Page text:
There are two opposed ideological readings of the presentation of the human as a voided self, a body husk with no inner spark of self-generating dynamism. First, these figures can be accounted for by a materialist view which holds that the body is innately empty, simply itself, like a plain fact, unencumbered by eternal spark or transcendent faculty. This view has been advocated here and there in the history of culture and philosophy; for Democritus, for example, as for the Indian Carvakas, life, or the self, is a gaseous spark or static burnoff (or stench or fume) of the chemical combination occurring in the body, and just goes out when one of the chemicals is exhausted or they all happen to dissolve apart as in what is called death. Like T.S. Eliot's "hollow men," such entities are wrongly hypostatized, or invested with the idea of soul, as they are merely byproducts of their physical makeup, like heat or gas or swelling or other signs of apparent life that can be produced by chemical combinations without giving rise to soulist assumptions.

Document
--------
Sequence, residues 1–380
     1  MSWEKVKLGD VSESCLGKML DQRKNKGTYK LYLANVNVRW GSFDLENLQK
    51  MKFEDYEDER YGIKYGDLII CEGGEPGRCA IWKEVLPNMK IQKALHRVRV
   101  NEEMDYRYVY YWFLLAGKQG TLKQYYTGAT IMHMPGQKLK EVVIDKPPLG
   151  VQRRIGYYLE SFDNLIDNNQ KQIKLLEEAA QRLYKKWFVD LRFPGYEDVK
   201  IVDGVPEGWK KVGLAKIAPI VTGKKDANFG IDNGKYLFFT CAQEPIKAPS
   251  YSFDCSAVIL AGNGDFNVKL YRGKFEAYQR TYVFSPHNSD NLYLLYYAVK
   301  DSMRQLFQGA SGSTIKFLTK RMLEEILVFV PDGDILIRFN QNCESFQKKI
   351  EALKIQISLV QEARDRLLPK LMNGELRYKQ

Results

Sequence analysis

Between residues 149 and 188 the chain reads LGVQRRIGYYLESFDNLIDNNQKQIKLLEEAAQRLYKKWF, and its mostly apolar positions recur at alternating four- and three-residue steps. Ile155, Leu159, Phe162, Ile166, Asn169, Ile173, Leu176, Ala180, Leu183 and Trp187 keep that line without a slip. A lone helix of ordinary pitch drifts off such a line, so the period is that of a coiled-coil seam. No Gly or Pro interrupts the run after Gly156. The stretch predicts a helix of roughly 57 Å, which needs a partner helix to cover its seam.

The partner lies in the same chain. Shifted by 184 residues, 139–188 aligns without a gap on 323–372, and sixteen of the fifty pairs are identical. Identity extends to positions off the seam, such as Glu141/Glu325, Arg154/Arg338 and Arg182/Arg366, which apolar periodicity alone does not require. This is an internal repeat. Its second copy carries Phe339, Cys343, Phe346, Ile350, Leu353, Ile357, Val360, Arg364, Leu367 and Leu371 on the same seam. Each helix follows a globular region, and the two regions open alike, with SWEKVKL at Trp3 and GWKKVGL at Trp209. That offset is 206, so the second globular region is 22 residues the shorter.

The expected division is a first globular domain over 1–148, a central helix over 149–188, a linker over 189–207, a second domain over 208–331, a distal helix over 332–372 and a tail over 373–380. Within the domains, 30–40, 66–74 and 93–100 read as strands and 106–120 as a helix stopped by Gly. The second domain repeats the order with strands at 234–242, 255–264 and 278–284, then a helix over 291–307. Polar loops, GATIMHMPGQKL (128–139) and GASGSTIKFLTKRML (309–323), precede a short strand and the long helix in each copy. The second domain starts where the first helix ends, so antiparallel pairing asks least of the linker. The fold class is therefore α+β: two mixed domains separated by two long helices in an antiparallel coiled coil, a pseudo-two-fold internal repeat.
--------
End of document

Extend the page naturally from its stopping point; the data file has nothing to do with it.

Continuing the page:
In this view, recent sculpture with its evident rejection of the myth of the soul is simply realistic; illusion has been drained from it. A second view (Egyptian, Orphic, Platonic, and Christian in the Western side of its lineage) is spiritual rather than materialistic and involves the philosophic problem known as mind-body dualism. The soul, viewed in this way, is in fact real, but is radically distinct in substance from the body. In fact it has a hyper-reality which depends precisely upon its difference from the body: the body is impermanent but the soul is permanent. The result of this difference is that the soul can remove itself from the body and still survive; it is not dependent on the body, which is merely its "container." The soul's separation from the body can occur either through transcendent states of mind (such as shamanic journey or mystical exaltation) or through death, leaving the body as a husk that, while it may not be innately empty, has been emptied out for the time being. The soul can fly on high, into metaphysical realms far beyond the pathetic inertia of the dumb flesh, nevertheless flashing intimations of its glory back into vision through the quirky suggestiveness of the flesh itself.